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ESPECIALLY ADAPTED TO
THE UNIVERSALIST DENOMINATION.
BY J. G. ADAMS AND E. H. CHAPIN.
IN presenting this work to the public, the compilers would say, that they do not intend it as a rival of any other Hymn Book already in existence; but, if advancement in the light of other good works be allowable, as an improvement on them all. Although evidently designed in one sense for a denomination, they have also intended that it shall answer in some measure the demands of a liberal and progressive Christianity -a Christianity, under whatever name or pretension found, that would diffuse Christ's spirit and do his works of truth and love among men.
We have sought to give variety in these Hymns; to have the number ample enough; and while cautious in reference to their literary character, to select those of a devotional tendency, rather than those chiefly commendable for their poetical excellence. We have intended also to pay due respect to the old Hymns so justly familiar with those of every age among our worshippers, while we have not been unmindful of the new claimants of public favor.
It will be perceived that there is a greater variety of Hymns on several topics than in most other Hymn Books now in use among us; especially in reference to the philanthropic nature of our religion, and the peculiar indications of this nature in the present age. In the department of the book entitled "Triumph of Christianity," faithfulness in representing this great truth is designed. In all instances where the authorship of a hymn could be ascertained, it has been given. Of a few hymns, however, taken from a copy of the new Cambridge Unitarian Hymn Book, kindly handed us in sheets, it was not known whether they were original or not. They appear in this book, therefore, in company with quite a number of original ones, without any special mark thus to designate them.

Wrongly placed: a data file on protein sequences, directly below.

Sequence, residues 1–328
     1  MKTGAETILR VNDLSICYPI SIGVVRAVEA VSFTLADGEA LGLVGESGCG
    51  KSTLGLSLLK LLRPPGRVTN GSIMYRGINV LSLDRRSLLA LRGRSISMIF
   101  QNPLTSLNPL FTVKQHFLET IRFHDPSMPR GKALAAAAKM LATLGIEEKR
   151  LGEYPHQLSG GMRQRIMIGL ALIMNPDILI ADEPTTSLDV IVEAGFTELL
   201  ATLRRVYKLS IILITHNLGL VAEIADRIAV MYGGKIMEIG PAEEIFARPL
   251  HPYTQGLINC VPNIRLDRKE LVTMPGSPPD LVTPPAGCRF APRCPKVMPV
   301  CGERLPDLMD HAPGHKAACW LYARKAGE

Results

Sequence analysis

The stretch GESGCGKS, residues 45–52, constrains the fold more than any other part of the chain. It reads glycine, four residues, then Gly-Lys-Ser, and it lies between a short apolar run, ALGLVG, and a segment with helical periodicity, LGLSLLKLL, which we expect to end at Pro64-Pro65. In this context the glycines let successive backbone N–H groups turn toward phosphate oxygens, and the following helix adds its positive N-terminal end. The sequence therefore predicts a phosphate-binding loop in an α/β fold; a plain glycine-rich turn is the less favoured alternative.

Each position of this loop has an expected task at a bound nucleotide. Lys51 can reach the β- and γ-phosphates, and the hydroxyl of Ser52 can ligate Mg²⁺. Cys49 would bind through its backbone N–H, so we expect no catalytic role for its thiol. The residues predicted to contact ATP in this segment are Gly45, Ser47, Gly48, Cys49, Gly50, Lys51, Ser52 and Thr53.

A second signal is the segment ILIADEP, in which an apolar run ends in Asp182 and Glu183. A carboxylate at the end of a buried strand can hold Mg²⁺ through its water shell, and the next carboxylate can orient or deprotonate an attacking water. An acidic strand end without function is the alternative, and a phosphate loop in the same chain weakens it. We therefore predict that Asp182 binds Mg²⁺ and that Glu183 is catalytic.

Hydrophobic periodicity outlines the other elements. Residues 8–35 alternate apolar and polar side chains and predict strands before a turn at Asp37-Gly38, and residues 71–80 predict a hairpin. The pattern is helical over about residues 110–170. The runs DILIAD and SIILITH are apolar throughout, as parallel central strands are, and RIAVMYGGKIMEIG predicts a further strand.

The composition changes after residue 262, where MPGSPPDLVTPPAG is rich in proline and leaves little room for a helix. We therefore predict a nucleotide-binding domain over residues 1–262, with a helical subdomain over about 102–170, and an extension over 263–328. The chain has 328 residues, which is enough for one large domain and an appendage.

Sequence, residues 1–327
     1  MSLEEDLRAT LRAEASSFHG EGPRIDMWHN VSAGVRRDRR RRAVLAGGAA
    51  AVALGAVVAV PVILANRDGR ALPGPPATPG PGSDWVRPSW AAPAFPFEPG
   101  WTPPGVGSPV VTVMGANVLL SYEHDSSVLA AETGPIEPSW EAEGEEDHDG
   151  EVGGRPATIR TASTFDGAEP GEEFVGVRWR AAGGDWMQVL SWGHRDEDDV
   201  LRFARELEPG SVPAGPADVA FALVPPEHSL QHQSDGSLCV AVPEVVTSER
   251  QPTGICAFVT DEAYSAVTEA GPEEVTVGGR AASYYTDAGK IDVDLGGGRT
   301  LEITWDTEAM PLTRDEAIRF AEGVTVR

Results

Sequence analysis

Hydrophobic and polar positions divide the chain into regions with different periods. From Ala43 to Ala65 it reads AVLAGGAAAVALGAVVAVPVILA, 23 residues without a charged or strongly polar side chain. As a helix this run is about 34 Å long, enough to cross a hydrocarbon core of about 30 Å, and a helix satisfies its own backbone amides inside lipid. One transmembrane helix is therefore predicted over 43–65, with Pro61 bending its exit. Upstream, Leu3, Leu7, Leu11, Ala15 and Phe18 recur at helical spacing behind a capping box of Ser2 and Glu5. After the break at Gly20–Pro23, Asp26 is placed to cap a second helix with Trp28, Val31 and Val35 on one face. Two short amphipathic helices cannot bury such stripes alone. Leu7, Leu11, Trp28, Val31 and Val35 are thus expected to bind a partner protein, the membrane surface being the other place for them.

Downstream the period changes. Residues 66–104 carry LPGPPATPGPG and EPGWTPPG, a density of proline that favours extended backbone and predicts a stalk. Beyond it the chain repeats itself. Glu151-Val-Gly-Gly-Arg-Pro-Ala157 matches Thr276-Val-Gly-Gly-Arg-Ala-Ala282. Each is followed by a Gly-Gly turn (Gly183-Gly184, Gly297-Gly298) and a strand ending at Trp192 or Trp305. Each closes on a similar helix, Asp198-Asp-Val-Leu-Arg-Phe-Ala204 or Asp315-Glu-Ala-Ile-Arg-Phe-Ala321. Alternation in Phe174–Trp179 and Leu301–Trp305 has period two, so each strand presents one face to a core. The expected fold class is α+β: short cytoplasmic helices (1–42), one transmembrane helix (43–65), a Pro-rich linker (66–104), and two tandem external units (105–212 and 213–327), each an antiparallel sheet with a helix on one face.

To the friends who have so kindly aided us, by suggestions or contributions, we return our sincere thanks; and to the Christian public do we now humbly dedicate this work, invoking the blessing of God upon its use, and praying that it may be welcomed by many souls seeking the aids and blessings of Christian devotion.
Boston, August 1, 1846.
Entered according to Act of Congress, in the year 1846, by ABEL TOMPKINS,
In the Clerk's Office of the District Court of Massachusetts.
J. G. ADAMS,
STEREOTYPED BY GEORGE A. CURTIS, BOSTON.
GENERAL INDEX OF SUBJECTS.
INTRODUCTION and Close of WORSHIP,
RELIGION OF Nature, .
CHRIST; HIS Character and OFFICES,
EARLY RELIGIOUS CULTURE,
NATIONAL HYMNS, .
THE SEASONS, ANNUAL OCCASIONS, &c.
DEDICATIONS; ORDINATIONS; INSTALLATIONS,
INDEX OF FIRST LINES.
Above, below, where'er I gaze,
Approach, thou blessed of the Lord,
As o'er the past my memory strays,
As the sweet flower that scents the morn,
At God's command the morning ray,
A voice from the desert comes awful and shrill,
Behold the grace appears,
Blest be the tie that binds,
Blest day of God, most calm, most bright,
Borne o'er the ocean's stormy wave,.
Brightest and best of the sons of the morning,